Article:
Snails can help clear algae in a fish tank, but they multiply quickly and can clog aquarium filters.

If ever there was a pest that you actually like, it’s the snail. Snails are rather pretty and fascinating, but don’t get too attached. Once they find a home in your fish tank, they will multiply and infest it faster than you can say, “Well where did that come from?”

To answer that question, invasive snails typically enter your fish tank from live plants or are scooped up with new fish.

If you’re a “fish tank is half full” type of person, you’ll see the bright side. Snails eat the algae in your tank, so they can help keep it clean.

If you’re more of a “fish tank is half empty” type of person, you’ll see the flip side. The more algae they eat, the stronger they’ll become. And that means multiplying even faster.

Either way, you definitely will want to get rid of the snails. Snails multiply quickly because they don’t need a mate to reproduce; they simply fertilize their own eggs. As the snails become bigger and more plentiful, they could damage your plants and clog your filters, which will endanger your fish.

Here are a few tips to keep in mind in order to prevent snail infestations and get rid of snails if you do have them.

Regularly changing the water can help prevent snail infestations in your aquarium, which is depicted in this image.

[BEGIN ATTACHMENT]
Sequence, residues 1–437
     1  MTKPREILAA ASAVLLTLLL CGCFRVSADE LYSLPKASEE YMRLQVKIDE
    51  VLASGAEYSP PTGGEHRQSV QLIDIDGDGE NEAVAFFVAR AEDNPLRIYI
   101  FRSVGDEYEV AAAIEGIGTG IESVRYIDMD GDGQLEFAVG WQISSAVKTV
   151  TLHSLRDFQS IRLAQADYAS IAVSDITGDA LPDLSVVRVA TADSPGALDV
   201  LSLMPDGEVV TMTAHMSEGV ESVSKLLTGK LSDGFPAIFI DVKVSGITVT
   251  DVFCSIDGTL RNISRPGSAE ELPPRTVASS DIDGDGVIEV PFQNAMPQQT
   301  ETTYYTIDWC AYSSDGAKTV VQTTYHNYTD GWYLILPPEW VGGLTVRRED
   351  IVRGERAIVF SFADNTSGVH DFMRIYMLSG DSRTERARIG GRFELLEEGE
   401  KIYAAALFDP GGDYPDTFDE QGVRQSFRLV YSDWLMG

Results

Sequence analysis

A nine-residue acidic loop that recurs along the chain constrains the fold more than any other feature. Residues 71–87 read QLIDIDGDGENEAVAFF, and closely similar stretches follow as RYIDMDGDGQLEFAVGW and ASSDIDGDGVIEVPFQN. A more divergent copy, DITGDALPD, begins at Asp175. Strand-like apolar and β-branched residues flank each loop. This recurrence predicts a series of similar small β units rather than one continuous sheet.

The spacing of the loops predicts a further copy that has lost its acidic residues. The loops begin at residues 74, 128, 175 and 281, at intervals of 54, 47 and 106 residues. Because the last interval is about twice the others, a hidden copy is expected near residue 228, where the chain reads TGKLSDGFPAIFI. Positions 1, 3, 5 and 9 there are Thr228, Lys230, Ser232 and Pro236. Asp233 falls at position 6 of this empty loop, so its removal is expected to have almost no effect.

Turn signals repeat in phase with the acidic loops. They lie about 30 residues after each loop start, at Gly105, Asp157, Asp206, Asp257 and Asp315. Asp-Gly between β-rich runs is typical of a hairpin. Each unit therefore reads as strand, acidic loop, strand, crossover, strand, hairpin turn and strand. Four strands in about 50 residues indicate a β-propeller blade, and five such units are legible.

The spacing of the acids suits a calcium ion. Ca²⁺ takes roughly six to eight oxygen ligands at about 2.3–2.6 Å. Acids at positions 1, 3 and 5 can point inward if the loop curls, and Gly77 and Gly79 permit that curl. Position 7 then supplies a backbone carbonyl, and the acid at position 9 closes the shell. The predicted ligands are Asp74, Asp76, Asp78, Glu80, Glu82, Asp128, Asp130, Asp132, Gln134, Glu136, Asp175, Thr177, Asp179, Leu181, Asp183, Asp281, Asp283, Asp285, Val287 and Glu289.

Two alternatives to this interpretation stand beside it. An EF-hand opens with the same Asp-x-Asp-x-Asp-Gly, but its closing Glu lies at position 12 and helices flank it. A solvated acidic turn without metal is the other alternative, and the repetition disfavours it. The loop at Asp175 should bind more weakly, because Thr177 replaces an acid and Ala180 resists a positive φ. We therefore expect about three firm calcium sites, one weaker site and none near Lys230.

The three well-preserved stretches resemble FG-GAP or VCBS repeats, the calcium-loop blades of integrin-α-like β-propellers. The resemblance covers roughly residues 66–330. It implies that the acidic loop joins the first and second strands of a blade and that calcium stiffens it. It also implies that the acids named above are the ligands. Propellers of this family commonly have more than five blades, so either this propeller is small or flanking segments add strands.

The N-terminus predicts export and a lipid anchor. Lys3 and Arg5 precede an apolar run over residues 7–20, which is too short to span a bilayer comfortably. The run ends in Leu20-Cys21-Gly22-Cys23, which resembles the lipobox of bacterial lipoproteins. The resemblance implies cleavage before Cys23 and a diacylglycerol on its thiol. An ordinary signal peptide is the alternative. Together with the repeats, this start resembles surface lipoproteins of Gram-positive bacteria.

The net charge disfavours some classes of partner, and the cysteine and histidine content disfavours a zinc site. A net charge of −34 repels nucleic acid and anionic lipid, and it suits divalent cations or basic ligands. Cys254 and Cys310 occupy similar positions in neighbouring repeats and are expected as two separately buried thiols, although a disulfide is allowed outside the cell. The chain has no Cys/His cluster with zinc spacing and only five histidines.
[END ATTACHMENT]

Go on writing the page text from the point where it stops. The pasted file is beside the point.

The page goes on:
Regular water changes can help prevent snail infestations in your aquarium.
  • Make sure you maintain regular water changes using RODI water.
  • Avoid overfeeding your fish, which creates more waste in the tank.
  • When you buy a new fish, check the bag to make sure nothing else is in it.
  • Soak new live plants before adding them to the tank. Our preferred method of doing so is to dip the plant in a saltwater mix comprised of one cup of aquarium salt per gallon of water. Dangle the plant upside-down into the saltwater, but do not submerge the roots. Keep the plant in the water for 15 minutes to give the salt time to get rid of the snails. After taking the plant out, rinse it in RODI water and plant it into your aquarium.
  • Add fish that eat snails into your tank, such as loaches, puffer fish, and blennies.
  • If you do get snails in your tank, attach a leaf of lettuce to the glass inside your tank. Snails will cling to it, and then you can dispose of the lettuce. You may also try additives such as AZOO Nano-Tech Snail Treatment.

Regular water changes can help prevent snail infestations in your fish tank. Have RODI water delivered to your home to simplify the process.

Leave a Reply

Your email address will not be published.